To see exactly how the file edge backing is secured along the file edge, reference is made to FIG. 3 which additionally shows the use of file edge binding means. The file, generally indicated at F is formed by a plurality of papers such as looseleaf papers or printout sheets, and the like, through which openings 26 have been provided. The rib portion 11 of the file edge backing is fitted between the file papers, preferably somewhere near the center of the file, and the file edge is forced against the bottom side of flange 10 with end portions 13 overlapping the corner of the file as described above. It is to be understood that the file edge backing can be cut to any desired length to accommodate the length of the particulr file to which it is secured.
The binding system used in conjunction with the backing consists of a pair of rigid support members 31 and securing fasteners 33. The rigid support members are end portions apertured at 35 and aligned with the placed at the file edge as shown in FIG. 3 with their apertures, the downwardly depending rib of the backing member itself is apertured as shown at 25 and these openings 26 through the file. In addition, to these apertures are also in alignment with openings 26 and 35. The entire arrangement is then bound together by means of fasteners 37 which are fitted through the binding system, the file papers and the backing and secured by locking member 39. These locking members are fitted over the exposed ends of the fasteners and locked in place by a tooth and groove arrangement provided on the exterior of the fastener and the internior of the locking member which makes it easy to fully tighten the support members along the file edge so as to bind the file with the backing member secured in place.
The file is hung from the supporting bracket as shown in FIGS. 1 and 2. Depending upon which direction one wishes to hang the file, one of the ends 19 of the cross portion of the T-shaped member is fitted into one of the U-shaped grooves provided in bracket 1. It will be noted that the file can be turned through 180 degrees and hung by the other end of the T-member cross portion if desired. Since the T-member extends upwardly from the file edge backing to an exposed position and because of its unique binding arrangement which will be described later in detail, very little, if any, manipulation of the T-shaped member is required to fully locate it in place which is hightly advantageous over the conventional hook arrangments particularly when working with a heavy file or in a crowded filing area.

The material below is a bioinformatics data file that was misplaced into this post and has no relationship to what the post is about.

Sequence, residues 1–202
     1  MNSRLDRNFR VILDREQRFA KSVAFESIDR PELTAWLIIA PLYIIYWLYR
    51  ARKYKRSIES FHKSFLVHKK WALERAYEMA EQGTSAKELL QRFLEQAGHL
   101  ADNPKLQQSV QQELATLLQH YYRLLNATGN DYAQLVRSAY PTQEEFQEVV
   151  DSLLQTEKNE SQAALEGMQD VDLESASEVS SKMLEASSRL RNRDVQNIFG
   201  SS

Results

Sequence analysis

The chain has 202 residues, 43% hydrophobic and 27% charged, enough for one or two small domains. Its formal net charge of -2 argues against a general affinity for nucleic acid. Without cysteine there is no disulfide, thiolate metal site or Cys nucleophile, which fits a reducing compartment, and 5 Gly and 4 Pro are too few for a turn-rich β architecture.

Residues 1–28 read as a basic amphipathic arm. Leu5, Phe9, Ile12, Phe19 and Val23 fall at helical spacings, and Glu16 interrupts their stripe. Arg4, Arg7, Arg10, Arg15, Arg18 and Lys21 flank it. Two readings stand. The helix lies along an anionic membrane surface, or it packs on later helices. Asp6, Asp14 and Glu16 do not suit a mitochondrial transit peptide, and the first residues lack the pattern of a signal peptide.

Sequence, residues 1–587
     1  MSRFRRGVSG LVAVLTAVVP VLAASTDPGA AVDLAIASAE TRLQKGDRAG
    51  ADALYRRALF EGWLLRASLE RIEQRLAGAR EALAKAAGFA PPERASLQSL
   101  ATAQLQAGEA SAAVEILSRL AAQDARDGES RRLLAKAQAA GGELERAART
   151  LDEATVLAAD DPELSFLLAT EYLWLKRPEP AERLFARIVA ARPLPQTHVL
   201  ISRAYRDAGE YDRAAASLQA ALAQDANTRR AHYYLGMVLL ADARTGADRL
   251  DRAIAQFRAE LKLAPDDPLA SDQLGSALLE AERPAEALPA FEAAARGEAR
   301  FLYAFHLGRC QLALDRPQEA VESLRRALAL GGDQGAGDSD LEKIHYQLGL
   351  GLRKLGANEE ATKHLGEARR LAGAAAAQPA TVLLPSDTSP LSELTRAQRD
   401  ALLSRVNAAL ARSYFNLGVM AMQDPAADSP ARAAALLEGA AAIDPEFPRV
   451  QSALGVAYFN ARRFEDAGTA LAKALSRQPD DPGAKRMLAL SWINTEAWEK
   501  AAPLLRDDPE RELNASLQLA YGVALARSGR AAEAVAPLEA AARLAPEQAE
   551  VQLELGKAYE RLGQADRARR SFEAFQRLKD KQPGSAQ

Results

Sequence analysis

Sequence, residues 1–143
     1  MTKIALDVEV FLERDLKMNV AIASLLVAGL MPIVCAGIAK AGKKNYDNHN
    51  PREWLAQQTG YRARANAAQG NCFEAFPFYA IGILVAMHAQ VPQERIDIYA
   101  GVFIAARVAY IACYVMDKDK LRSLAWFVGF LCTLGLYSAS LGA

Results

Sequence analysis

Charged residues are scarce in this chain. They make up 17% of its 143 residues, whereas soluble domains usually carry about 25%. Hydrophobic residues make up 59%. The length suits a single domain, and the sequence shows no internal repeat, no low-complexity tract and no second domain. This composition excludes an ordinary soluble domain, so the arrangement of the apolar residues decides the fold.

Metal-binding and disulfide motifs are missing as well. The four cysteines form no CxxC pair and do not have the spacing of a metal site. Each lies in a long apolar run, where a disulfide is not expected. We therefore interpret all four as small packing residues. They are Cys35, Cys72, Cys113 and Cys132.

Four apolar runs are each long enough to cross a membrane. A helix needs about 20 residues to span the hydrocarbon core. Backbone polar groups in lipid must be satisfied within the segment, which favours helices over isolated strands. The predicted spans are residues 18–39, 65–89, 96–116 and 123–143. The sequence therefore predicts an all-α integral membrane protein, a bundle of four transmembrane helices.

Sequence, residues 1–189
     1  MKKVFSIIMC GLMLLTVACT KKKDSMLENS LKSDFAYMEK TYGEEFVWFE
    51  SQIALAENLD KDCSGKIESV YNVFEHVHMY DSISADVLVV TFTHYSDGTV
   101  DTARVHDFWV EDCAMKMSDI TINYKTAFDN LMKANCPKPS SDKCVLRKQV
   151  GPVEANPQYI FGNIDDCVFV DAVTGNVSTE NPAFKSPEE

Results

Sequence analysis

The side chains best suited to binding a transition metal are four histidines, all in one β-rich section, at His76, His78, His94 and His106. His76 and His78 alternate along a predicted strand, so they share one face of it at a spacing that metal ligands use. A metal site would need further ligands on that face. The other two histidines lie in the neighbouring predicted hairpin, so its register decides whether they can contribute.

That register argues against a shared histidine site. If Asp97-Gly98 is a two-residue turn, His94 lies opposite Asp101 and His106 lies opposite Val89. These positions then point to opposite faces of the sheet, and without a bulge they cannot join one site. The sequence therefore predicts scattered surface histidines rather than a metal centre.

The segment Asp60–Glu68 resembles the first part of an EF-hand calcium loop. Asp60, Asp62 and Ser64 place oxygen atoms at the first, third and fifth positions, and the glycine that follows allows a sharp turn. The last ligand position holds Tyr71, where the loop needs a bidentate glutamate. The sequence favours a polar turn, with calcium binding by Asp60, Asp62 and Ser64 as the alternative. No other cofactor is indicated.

Initially, it would appear that the simple combination of a U-shaped groove and T-shaped member would not be capable of holding the file in place in the horizontally disposed direction in the absense of a hook member as shown in the prior art. However, the unique construction of the present invention unexpectedly, and effectively, prevents the T-shaped member from falling out of the U-shaped groove and at the same time permits its sliding along the groove.
These features of the invention result from the positioning of the T-shaped member on the file edge backing. As is best shown in FIG. 2, the point of support for the file where the U-shaped groove engages the T-member is offset or to one side of the mid-point 18 of the file edge backing means which results in a file imbalance and moves the T-member to a binding engagement in the U-groove. According to FIG. 2, the center of gravity of the file is located to the right of the supporting bracket such that the file pivots slightly in the clockwise direction, forcing the secured end of the T-member, up against the bottom side of the flange portion 7. At the same time, the upper surface of the backing flange 10 is forced into contact with the base of bracket flange 5. The pivoting movement of the file is limited due to the close tolerances between the T-member and the U-groove so that the coefficients of friction between all of the contacting surfaces is more than adequate to prevent the T-member from falling out of the groove. Furthermore, additional weight in the file i.e., a larger file has the added effect of providing increased frictional contact so that regardless of the file weight, it is maintained in the frictionally secured position.
In the various embodiments of the invention described above and shown in FIGS. 1 through 7, a securing action of the T-shaped member in the groove occurs through the frictional contact and the binding created by the file imbalance which drives the T-shaped member against the supporting bracket. FIGS. 9 through 12 show a further preferred embodiment of the present invention having a supplementary securing action also created by the file imbalance.
Supporting bracket 75 shown in detail in FIGS. 11 and 12 has a pair of upper flange portions 77 which are slightly tapered such that they are relatively thicker towards the centre of the bracket. The lower flange portions 79 at the bottom of the bracket are provided with upwardly extending ribs 81 at each side of the bracket. The spacing of the upper flange from the lower flange provides a groove or channel 83 running along either side of the supporting bracket.